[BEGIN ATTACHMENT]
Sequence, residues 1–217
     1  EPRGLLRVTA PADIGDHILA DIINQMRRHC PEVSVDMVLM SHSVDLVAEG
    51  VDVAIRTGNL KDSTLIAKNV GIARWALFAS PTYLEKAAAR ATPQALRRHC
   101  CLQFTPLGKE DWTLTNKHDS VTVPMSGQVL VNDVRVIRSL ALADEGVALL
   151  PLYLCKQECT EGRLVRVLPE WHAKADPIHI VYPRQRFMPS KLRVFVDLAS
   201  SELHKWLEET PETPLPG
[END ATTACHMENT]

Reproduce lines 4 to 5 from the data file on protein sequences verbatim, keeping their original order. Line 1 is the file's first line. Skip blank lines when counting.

   101  CLQFTPLGKE DWTLTNKHDS VTVPMSGQVL VNDVRVIRSL ALADEGVALL
   151  PLYLCKQECT EGRLVRVLPE WHAKADPIHI VYPRQRFMPS KLRVFVDLAS